• The break-even point is met when the rent on the extra memory for cache ($/page/sec) exactly matches the savings in disk accesses per second ($/disk_access/sec).
illustration typical system in 1997
Illustration – Typical System in 1997
  • For a system with following characteristics
    • PagesPerMBofRAM = 128 pages/MB (8KB pages)
    • AccessesPerSecondPerDisk = 64 access/sec/disk
    • PricePerDiskDrive = 2000 $/disk (9GB + controller)
    • PricePerMBofDRAM = 15 $/MB_DRAM
  • The Inter reference interval is 266 seconds ~ 5 minutes
illustration
Illustration
  • One pass algorithms
    • reads data and never references it,
    • no need to cache the data in RAM.
    • system needs only enough buffer memory to allow data to stream from disk to main memory.
    • Typically, two or three one-track buffers (~100 KB) are adequate per disk to buffer disk operations and allow the device to stream data to the application.
illustration11
Illustration
  • Two pass algorithms
    • sequential operations that read a large dataset and then revisit parts of the data.
    • Database join, cube, rollup, and sort operators
    • Sorting uses two pass if memory size is smaller than the data set size
    • Inter reference time is typically about a minute (sequential data access)
illustration two pass sort
Illustration – Two Pass Sort
  • One pass sort needs larger amount of memory
  • Memory needed grows faster with size of input file
  • For files bigger than memory size, two pass is the only option
disk vs tape tradeoff
Disk vs Tape tradeoff
  • Tape vs Disk Trade off ?????
    • Tape - larger penalty (slower access, least cost)
    • Solution – Larger breakeven point, bigger page size
new metrics
New Metrics
  • Data flow applications which stream huge amounts of data like data mining applications, multimedia applications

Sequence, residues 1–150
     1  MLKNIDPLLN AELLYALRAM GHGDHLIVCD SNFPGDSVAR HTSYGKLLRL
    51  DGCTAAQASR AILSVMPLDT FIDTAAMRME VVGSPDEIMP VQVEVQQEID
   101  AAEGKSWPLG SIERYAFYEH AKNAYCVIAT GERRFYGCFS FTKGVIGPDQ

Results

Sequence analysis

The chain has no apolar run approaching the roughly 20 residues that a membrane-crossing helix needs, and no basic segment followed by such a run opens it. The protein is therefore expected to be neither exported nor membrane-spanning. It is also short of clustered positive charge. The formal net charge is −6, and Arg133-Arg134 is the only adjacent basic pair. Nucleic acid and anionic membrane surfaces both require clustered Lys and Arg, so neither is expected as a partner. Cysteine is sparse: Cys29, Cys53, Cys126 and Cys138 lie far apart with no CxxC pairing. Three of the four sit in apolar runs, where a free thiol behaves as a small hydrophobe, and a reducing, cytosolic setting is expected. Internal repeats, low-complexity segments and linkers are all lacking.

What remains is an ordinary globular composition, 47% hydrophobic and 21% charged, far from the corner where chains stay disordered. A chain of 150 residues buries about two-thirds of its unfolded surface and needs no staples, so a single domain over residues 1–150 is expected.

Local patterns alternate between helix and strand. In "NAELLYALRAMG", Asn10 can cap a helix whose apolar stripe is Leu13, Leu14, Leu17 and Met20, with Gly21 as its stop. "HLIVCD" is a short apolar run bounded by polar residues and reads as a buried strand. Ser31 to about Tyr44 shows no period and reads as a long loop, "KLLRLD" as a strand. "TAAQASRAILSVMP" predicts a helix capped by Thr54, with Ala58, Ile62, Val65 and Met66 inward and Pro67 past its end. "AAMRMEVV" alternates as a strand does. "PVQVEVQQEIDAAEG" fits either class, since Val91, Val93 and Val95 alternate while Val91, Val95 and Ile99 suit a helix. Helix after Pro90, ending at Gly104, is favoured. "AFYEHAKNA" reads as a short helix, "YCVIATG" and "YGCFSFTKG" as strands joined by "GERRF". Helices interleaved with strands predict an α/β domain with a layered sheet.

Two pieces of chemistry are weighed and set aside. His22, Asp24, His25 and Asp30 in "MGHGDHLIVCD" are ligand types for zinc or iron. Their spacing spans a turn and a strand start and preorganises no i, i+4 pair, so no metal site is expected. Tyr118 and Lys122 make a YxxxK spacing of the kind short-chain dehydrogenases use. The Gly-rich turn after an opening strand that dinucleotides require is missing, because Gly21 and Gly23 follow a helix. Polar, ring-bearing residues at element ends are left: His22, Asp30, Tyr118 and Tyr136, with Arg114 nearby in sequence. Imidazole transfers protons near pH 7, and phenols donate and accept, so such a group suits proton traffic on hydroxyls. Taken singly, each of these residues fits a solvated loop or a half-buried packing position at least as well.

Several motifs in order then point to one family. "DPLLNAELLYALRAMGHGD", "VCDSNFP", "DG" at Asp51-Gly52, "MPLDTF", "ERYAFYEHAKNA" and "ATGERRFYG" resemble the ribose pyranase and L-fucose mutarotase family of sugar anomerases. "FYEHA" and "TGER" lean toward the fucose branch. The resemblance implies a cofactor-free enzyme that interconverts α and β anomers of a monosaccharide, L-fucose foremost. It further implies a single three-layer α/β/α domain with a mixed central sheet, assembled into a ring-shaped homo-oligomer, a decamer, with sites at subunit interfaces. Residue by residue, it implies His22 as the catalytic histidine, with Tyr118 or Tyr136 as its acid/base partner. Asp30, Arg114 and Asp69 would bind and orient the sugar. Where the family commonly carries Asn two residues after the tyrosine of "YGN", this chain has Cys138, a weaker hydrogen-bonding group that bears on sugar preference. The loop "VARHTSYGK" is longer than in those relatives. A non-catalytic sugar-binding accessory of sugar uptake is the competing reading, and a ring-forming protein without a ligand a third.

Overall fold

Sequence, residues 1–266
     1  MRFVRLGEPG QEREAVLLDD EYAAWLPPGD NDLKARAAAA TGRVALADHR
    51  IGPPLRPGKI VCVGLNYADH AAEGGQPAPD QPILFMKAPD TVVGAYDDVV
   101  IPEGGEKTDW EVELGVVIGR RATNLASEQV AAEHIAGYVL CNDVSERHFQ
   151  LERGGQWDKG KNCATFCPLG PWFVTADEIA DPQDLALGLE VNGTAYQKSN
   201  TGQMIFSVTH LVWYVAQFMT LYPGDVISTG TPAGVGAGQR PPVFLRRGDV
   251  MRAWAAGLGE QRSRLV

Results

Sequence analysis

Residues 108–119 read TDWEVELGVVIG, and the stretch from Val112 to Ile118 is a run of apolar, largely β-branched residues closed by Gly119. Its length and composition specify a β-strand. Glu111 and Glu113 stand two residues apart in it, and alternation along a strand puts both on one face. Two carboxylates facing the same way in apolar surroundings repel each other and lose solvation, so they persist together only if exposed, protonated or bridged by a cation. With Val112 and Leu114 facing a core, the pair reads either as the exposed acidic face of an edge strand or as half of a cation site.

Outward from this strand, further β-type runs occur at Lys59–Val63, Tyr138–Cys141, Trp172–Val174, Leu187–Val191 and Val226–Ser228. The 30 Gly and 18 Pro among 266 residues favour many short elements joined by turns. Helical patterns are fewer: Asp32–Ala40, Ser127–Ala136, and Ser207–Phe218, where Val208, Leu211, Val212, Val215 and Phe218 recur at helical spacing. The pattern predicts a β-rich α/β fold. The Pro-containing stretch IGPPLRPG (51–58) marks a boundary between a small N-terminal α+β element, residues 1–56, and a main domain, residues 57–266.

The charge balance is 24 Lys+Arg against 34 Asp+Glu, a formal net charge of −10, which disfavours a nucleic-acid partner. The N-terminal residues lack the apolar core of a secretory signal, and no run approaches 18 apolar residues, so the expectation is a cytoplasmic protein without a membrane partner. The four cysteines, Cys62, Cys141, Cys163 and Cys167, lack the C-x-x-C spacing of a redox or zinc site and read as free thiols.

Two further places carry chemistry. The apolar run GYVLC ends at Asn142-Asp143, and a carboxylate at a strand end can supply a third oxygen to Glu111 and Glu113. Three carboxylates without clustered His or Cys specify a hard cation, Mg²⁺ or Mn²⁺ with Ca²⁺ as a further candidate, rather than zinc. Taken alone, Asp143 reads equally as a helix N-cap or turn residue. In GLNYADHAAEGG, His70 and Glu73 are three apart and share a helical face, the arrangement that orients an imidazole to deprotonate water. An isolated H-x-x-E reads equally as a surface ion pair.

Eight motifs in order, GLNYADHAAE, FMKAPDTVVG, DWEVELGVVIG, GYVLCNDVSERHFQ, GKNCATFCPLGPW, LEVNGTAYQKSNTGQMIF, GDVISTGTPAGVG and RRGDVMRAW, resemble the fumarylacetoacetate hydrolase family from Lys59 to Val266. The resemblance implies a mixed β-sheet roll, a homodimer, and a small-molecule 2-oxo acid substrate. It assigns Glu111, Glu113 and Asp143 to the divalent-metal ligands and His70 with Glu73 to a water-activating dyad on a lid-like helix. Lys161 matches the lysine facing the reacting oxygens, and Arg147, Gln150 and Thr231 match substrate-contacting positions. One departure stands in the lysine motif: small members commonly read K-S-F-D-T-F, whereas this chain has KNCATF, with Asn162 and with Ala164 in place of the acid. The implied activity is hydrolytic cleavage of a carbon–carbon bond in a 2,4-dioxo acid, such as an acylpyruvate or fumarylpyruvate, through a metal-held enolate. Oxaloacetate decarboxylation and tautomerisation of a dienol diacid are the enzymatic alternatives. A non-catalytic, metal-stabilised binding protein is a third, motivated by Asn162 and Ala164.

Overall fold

• New Metrics
    • Kaps
      • Kilo byte accesses per second
    • Maps
      • Mega byte accesses per second
    • Scan
      • Time taken to sequentially read or write all data on a device
  • These metrics combined with rent costs provide a price/performance metric
assumptions
Assumptions
  • Disk storages have same characteristics (cost/performance). It assumes that the disk storage systems is homogenous and does not consider the more recent shift towards hierarchical/heterogeneous storage systems.
  • The trade off only consider the performance aspect, the security and fault tolerance issues are assumed to be uniform throughout.
re write
Re-write
  • Re-evaluate the rules of thumb considering more recent costs and the more recent trends in storage systems like heterogeneous/hierarchical storage
    • Take into account SAN, NAS characteristics
questions
Questions???
  • Does Five minute rule hold good today???
  • No (With Reservations)
    • If one changes the Page Size to MegaByte range, five minute rule still applies.
      • Pages/MB of RAM = 16 (8 K pages)
      • Access/sec/disk = 64
      • Price/disk drive = $400
      • Price/MB of RAM = $0.1
      • Break even point ~ 1000s
  • Further Evidence - Jim (Keynote in FAST 2004) Grayhttp://www.usenix.org/events/fast05/